Gear Review: Hoka One One Tor Summit Mid WP

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These ultra-cushioned hiking boots are chunky for a reason—they steamroll uneven trail terrain, without adding an ounce.

Put on a pair of Hoke One One shoes and, if you haven’t spotted it already, you’ll definitely feel the oversize platform underfoot. This bulbous midsole may look funny, but it’s pretty much the reason Hoka One One—a running shoe brand started in 2009 by French adventure racers—exists. Their line of thinking is that a plush amount of cushioning and volume underfoot can create an energizing, stable ride that inspires runners to keep after it. The cushioning is designed to be softly dense and have a good amount of rebound, diminishing joint and core fatigue.

The theory behind these maximalist running shoes parallels the same idea behind, say, fat mountain bike tires. They’re so wide and voluminous that they can bulldoze bumpy terrain, keeping the ride smooth and thus more enjoyable. And regardless of the minimalist trend that has graced the running shoe market over the last decade, many people are on board with Hoka’s “clown shoes.” In fact, the company’s revenue has grown from $14 million in 2013 to $48 million last year and their athlete roster includes Olympic medalists, national-class track runners, and ultra-runner podium regulars.

Hoka One One

Enter the Hoka One One Tor Summit Mid waterproof hiking boots—Hoka’s first foray into mid-height hiking boots, sold exclusively at REI. Featuring the same plump midsole, with twice the volume of traditional running shoes, the Tor Summit Mid boots encompass Hoka’s proven running technologies but are built specifically for the steady, slow motion of trail hiking.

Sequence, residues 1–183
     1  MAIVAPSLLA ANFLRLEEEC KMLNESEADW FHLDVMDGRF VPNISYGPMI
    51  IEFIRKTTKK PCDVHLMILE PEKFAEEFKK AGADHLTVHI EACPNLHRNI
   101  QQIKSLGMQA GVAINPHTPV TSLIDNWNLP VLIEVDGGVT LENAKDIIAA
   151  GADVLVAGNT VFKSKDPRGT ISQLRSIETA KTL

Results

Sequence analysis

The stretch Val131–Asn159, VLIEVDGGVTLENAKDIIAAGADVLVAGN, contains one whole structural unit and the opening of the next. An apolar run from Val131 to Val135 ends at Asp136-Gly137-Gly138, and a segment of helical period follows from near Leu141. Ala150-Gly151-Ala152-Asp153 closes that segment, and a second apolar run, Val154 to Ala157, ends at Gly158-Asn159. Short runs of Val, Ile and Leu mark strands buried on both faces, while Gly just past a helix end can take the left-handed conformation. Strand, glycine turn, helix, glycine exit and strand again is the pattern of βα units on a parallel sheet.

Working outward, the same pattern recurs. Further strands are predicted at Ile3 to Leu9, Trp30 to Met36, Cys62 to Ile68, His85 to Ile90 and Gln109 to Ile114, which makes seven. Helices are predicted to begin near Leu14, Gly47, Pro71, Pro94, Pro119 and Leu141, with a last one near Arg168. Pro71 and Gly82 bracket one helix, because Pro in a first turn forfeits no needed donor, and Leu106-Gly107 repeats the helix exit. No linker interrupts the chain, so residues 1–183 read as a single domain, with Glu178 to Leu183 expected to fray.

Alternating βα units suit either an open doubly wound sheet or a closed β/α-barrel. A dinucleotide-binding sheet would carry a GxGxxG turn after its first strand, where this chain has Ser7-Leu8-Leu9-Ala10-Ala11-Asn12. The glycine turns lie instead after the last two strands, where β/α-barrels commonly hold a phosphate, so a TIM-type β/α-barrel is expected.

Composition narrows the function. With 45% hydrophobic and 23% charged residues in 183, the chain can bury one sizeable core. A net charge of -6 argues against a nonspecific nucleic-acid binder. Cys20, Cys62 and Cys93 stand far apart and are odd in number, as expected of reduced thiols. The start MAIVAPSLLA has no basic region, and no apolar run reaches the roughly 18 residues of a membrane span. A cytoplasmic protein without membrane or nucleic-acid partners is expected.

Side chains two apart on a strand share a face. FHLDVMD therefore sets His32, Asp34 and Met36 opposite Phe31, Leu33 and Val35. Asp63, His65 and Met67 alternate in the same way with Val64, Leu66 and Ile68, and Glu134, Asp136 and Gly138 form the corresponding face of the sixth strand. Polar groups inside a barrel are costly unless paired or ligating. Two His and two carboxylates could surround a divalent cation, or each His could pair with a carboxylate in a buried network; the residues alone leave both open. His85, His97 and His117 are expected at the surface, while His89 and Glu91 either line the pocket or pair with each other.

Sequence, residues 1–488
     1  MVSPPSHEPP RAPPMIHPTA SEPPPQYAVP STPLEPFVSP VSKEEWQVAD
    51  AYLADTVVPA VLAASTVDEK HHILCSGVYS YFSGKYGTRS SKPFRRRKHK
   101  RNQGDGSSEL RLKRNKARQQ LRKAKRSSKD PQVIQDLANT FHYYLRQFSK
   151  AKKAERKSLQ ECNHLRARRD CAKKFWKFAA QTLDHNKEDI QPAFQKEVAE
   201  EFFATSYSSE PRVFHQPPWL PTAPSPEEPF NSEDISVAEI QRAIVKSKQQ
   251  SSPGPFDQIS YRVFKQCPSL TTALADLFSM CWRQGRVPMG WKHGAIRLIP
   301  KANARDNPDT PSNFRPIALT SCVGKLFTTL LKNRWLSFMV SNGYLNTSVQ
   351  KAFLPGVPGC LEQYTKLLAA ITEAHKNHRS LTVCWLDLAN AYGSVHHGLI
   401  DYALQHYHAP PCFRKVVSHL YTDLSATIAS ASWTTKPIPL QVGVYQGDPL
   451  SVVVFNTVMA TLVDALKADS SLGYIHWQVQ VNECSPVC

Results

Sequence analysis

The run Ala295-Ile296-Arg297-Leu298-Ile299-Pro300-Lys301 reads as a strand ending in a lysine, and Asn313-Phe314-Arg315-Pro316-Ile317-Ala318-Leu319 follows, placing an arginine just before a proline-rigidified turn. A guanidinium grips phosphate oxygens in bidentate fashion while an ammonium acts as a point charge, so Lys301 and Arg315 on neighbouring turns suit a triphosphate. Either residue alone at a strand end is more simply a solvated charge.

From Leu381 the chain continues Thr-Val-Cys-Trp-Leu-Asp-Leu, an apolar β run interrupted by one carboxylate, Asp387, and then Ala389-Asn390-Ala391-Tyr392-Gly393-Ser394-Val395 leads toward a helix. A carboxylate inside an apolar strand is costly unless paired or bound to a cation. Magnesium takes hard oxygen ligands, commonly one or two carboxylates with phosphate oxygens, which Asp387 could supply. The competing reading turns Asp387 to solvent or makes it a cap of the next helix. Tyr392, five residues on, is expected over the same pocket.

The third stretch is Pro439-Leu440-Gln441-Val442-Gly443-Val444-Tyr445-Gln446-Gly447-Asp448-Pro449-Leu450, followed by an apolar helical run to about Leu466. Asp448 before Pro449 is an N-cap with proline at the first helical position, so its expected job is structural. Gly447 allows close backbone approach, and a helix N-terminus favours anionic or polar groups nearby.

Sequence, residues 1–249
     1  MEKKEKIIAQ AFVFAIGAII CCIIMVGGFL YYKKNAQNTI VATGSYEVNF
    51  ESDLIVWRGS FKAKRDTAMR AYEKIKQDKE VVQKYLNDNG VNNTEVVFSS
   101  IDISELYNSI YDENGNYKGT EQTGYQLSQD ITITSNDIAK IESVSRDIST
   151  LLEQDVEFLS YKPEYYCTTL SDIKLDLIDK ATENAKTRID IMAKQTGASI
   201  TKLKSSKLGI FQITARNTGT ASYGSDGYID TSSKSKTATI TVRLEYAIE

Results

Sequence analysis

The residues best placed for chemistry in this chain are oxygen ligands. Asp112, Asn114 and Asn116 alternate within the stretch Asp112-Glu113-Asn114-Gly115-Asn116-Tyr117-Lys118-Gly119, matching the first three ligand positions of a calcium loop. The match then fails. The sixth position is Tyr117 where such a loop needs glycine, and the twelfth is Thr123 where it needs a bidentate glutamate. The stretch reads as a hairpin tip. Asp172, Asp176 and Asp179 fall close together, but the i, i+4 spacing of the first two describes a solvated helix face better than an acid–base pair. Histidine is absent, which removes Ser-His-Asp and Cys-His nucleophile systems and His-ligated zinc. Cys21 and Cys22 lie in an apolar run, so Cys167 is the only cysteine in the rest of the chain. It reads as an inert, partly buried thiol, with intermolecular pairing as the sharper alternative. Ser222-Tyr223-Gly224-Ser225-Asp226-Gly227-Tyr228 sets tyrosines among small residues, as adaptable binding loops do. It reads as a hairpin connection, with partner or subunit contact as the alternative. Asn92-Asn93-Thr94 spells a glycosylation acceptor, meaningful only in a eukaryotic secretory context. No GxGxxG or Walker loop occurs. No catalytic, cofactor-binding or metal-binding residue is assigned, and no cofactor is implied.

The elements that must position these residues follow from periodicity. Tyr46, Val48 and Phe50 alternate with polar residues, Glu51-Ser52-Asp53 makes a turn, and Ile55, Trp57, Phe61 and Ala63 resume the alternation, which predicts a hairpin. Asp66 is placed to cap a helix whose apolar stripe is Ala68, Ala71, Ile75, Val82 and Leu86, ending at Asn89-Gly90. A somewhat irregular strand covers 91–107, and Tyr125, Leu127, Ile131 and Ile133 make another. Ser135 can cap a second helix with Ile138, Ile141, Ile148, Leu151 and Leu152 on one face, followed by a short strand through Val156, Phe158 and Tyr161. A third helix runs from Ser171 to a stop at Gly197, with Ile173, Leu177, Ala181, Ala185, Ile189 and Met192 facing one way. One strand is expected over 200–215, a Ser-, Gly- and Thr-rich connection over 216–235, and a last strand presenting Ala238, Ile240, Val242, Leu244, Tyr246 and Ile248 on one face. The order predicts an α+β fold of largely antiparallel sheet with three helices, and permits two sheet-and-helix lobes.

We tested them out on rooty Pacific Northwest trails in and around the Seattle area. What would normally be muddy and damp conditions were dry and loose because of an exceptionally dry summer. While climbing up and down rolling hills on Vashon Island, a few miles off the West Seattle shoreline, Hoka’s Meta-Rocker midsole geometry became evident. I was able to fluidly roll over trail-crossing roots from the gargantuan trees around me. Designed like a rocking chair, the sculpted outsole’s fulcrum effect, with very little difference in height between the heel, toe and midfoot, guided my feet through smooth gait cycles again and again.

Hoka One One

At 1 pound 11 ounces per pair, they didn’t feel much heavier than other, less puffy hiking footwear I own, and the memory foam effect was in full force. I was walking on clouds. Because of that, trail-feel was completely non-existent, whether we were beachcombing over barnacles on the rocky Northwest beaches or tackling mulchy trails. At first, I was concerned about the lack of trail-feel underfoot: Would I react correctly if my foot landed halfway on a branch or a rock? But grippy traction—thanks to Hoka’s use of tried-and-true toothy Vibram outsoles—combined with the foam midsoles, quickly made me realize stability was in my corner.

Hoka One One

Off the bat, Hoka’s Tor hikers felt secure on my feet, especially at the ankle and heel. The laces are responsive when tightening and stay in place while hiking (credit the textured laces). But, the toe box was a little too roomy for my feet, making them feel unhinged and sloshy within the shoes. These are best for people who like a little extra room in their shoes, especially in the forefoot.

As the day grew warmer, my feet continued to breath; the waterproof eVent® membrane keeps feet dry without compromising on breathability so my feet never got swampy, even after five miles mid-summer on dusty, exposed terrain. And, the dark gray nubuck/suede exterior resisted dirt, meaning they still look great after dozens of miles on the trail.

Hoka One One

The takeaway: For hikers looking for extra joint support, little-to-no break-in time, and shock-absorbing cushioning—especially beneficial for multiday backpacking trips—the Hoka Hoka One Tor Summit Mid waterproof hiking boots are for you.

The Hoka Hoka One Tor Summit Mid Waterproof Hiking Boots are available exclusively at REI.

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  • https://www.rei.com/blog/climb/how-to-pull-off-a-solo-climbing-road-trip
  • https://www.rei.com/blog/climb/how-to-pull-off-a-solo-climbing-road-trip
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